For instance, abnormally elevated neural excitation can result from too much excitation or too much inhibition, or both; it can be caused by genes or by the environment; it can result from abnormalities in the hind brain as well as midbrain and forebrain structures; it can involve problems with interneurons as well as long distance signaling neurons, or problems with how these neurons are myelinated; it can involve some or all of these factors in widely varying combinations. If convergent causation is occurring (as I theorize) such that autism can develop through multiple overlapping pathways, it is no surprise that science is having trouble establishing statistical significance in single experiments that measure one aspect of excitatory balance – like GABA levels in the cerebellum in a cohort of kids.
Also, the unique nature of the stress response tends to confound scientific measurement. This is for many reasons, including the following. First, the stress response is inherently non-specific, meaning that a multitude of environmental exposures (from extreme cold to loud noise to an emotional challenge) result in the activation of the same pathways (i.e. sympathetic nervous system, HPA axis). Second, as described in detail in Why Zebras Don’t Get Ulcers (Sapolsky), chronic activation of the stress response results in different outcomes in different people – for instance, in response to chronic stress, cortisol levels may be generally elevated, may be generally suppressed, may show altered daily variability, and/or may fail to show marginal increases to new stressors. Third, measuring cortisol levels once or a few times is largely useless – to gain meaningful data, you have to measure multiple times a day over a significant period, to establish a trend and any change in that trend depending upon environmental exposures. These factors, and others (like how the simple act of testing a child may result in stress response activation or the fact that levels of stress hormones normally vary widely from individual to individual), confound the ability of science to demonstrate abnormalities in stress response activation.
Excess Neural Excitation
I am convinced that the core initiating factor in most cases of autism is an abnormally reactive nervous system. I am not alone in believing that neural excitation is a key factor in autism. There are many researchers who have postulated that neural excitation, and its balance with inhibition, may play a crucial role in autism (Walsh et al, Markram et al,  Belmonte et al, Rubenstein and Merzenich, Rippon et al, and Hussman).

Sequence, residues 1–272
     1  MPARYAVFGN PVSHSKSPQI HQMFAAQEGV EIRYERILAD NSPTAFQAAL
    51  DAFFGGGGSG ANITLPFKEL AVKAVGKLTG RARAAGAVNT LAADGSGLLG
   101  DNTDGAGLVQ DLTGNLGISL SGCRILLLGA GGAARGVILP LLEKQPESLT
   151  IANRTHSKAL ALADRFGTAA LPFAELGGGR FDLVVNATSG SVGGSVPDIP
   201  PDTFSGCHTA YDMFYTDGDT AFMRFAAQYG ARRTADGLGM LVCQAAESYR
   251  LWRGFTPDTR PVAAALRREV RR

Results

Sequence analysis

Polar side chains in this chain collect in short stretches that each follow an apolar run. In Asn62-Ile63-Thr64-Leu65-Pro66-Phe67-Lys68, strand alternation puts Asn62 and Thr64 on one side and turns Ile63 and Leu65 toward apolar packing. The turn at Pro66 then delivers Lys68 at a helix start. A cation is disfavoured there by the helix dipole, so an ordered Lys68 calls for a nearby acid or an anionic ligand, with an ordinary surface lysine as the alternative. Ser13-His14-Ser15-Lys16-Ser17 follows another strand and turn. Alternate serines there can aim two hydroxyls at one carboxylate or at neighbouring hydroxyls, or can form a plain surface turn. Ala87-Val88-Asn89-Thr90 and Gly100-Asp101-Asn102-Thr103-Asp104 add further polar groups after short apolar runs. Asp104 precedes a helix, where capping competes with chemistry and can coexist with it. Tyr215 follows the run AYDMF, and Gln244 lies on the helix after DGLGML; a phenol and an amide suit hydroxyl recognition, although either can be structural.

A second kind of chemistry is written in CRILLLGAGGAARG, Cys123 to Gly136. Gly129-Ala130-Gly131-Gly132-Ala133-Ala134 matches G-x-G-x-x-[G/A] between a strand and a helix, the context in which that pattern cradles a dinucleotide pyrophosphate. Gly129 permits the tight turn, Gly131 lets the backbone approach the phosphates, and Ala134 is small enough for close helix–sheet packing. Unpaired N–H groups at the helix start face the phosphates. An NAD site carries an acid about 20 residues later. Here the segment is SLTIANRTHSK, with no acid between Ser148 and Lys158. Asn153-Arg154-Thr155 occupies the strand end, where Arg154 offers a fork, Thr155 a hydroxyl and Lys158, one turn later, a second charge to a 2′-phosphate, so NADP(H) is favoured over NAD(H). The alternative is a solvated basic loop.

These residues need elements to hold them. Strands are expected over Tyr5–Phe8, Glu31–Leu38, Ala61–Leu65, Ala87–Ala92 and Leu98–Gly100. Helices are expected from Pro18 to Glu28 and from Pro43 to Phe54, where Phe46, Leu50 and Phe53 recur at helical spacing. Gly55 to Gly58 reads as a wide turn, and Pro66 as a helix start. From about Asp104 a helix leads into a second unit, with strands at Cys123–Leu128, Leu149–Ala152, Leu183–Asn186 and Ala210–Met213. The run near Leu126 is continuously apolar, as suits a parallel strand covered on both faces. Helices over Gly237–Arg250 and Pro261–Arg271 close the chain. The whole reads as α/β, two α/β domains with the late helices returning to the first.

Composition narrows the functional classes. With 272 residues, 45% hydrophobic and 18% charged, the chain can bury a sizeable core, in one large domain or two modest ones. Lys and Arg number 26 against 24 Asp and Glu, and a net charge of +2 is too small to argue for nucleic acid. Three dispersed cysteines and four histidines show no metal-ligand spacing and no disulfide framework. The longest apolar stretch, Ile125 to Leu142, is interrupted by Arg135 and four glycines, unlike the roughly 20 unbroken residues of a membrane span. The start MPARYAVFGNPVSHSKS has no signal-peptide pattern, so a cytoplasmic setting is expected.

There is substantial evidence to support the centrality of neural imbalance in autism. There is increasing evidence that the genetic mutations that result in an increased likelihood of autism, including fragile x syndrome, tuberous sclerosis and Rett Syndrome, may cause their effects due to their impact upon neural excitation, particularly through the production of proteins that affect synapse development. Intracellular proteins (with associated genes) implicated include FMRP, MeCP2, mTOR, TSC1/2, and NF1. An excellent paper on this topic was done by Kelleher and Bear. There is also evidence of abnormalities in synaptic binding proteins that appear to regulate the balance of excitatory and inhibitory synapses, including neuroligins (i.e. NLGN4), their binding partner neurexins (i.e. NRXN1), and other related genes / proteins (i.e. SHANK3, CNTNAP2). Furthermore, evidence is accumulating that several genes associated with autism play roles in the development of cortical inhibitory interneurons including c-Met, DLX, and ARX, where rare, partially inactivating mutations cause mental retardation or autism.
There is also much evidence that abnormalities in GABA inhibition are generally associated with autism, which is too voluminous to describe fully here, such as the fact that one of the best mouse models for autism is the GABRB3 knockout mouse. (See GABA in Autism, Dhossche et al.). However, one particularly important factor, and one of the most consistent findings in autism, is a reduction in the size of several structures of the cerebellum, including the Purkinje cell layer and the deep cerebellar nuclei. Both of these cerebellar structures are highly GABAergic. Several of the environmental causes of increased autism incidence potentially work through impacts upon the cerebellum, including prenatal exposure to valproic acid and thalidomide during neural tube closure, as well as fetal alcohol syndrome.